Weekly Roundup: Press Blocks, Vista Pearl, Swift Headquarters, and more

Image of the Press Blocks development in Goose Hollow, from the project’s second Design Advice Request hearing in October 2016 (image by Mithun)

According to the Portland Business Journal the sale of the former Oregonian printing facilities in Goose Hollow has closed. Urban Renaissance Group and Security Properties paid $20 million for the site, which is set to be redevelopment as the Press Blocks.

The Business Tribune wrote about the new leadership at Holst Architecture.

After more than 20 years, Mark Edlen has handed over the reins at Gerding Edlen, reports the Portland Business Journal.

The NW Examiner reported that the amount of ground retail at the Vista Pearl (formerly Block 20) will be reduced from what was originally approved.

The Portland Bureau of Transportation is looking for feedback on what type of bike parking should be required at new apartment buildings, reported BikePortland.

The DJC wrote about how local architecture firms make decisions on whether to speak up on political issues.*

The prospect of lower corporate taxes under President Trump is having a chilling effect on one of the main sources of financing for affordable housing developments, wrote the Portland Mercury. Local projects affected include Innovate Housing’s NW 14th & Raleigh development, which now has a $1.8 million funding gap.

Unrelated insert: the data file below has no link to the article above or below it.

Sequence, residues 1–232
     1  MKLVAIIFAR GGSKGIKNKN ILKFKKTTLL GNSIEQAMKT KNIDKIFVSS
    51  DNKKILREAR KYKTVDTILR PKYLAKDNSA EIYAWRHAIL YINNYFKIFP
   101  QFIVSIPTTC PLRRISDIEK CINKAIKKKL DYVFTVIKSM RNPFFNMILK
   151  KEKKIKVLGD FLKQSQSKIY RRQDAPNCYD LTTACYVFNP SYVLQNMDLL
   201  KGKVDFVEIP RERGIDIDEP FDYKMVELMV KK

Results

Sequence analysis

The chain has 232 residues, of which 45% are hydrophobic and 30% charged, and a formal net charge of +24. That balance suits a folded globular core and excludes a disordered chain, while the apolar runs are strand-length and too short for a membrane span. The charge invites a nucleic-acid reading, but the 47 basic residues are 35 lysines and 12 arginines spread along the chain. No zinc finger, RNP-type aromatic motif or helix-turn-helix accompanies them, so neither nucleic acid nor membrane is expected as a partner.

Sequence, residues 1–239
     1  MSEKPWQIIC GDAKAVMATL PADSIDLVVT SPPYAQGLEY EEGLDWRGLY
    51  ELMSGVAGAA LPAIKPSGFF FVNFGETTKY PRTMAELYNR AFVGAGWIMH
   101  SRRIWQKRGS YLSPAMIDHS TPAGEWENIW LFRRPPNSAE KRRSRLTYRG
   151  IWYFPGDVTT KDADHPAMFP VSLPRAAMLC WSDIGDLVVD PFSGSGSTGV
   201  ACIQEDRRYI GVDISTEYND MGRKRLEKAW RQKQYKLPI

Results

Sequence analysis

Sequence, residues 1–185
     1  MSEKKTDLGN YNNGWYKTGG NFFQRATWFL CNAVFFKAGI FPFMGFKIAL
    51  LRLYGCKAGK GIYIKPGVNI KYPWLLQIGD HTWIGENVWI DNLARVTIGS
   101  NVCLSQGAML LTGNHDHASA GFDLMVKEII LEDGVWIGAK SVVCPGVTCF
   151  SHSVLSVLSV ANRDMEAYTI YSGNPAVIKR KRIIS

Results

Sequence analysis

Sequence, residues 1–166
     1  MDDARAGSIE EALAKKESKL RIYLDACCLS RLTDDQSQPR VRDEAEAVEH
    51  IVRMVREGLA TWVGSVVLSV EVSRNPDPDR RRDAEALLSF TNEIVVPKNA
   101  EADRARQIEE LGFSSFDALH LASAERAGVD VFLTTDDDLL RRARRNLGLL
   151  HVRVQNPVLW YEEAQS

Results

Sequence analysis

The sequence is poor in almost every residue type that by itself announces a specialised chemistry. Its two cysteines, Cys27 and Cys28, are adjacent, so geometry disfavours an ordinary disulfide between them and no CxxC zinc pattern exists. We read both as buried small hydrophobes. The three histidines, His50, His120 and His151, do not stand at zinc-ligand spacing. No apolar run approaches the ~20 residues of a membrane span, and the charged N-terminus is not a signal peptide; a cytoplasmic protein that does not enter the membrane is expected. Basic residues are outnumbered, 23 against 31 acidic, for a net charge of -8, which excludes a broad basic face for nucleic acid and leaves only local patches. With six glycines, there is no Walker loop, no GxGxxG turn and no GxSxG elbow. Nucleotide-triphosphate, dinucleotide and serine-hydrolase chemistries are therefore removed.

The Portland Business Journal took a look at the Swift Headquarters, completed last year in the former Rose City Awnings building in NW.

As part of their Architect’s Questionnaire series, Portland Architecture interviewed Nat Slayton of ZGF Architects.

*This article will be unlocked for the rest of this week. After this week it will only be viewable by DJC subscribers.

Focus: 33 Affordable Housing Developments Planned for Portland (images)

St Francis Park Apartments

The St Francis Park Apartments, currently under construction in the Central Eastside.

Last December the Portland Housing Bureau delivered its second annual State of Housing Report to the City Council. The report noted the many challenges facing Portland, including that in 2016 “data indicates that housing affordability in Portland in the last year has gotten worse, an issue that is disproportionately impacting low-income residents, Communities of Color, seniors, and individuals with disabilities”. Nonetheless, the report also looked at what the Bureau is doing to address these issues, including: gaining voter-approval of a $258 million Affordable Housing Bond; passage of an Inclusionary Zoning Ordinance; increasing urban renewal funding dedicated to affordable rental housing; and dedicating short-term rental revenue tax to affordable rental housing.

The report listed nearly 1,900 affordable housing units in the production pipeline, split between 33 developments. Next Portland is re-publishing the entire list, along with images and information about the architect / developer where we have it.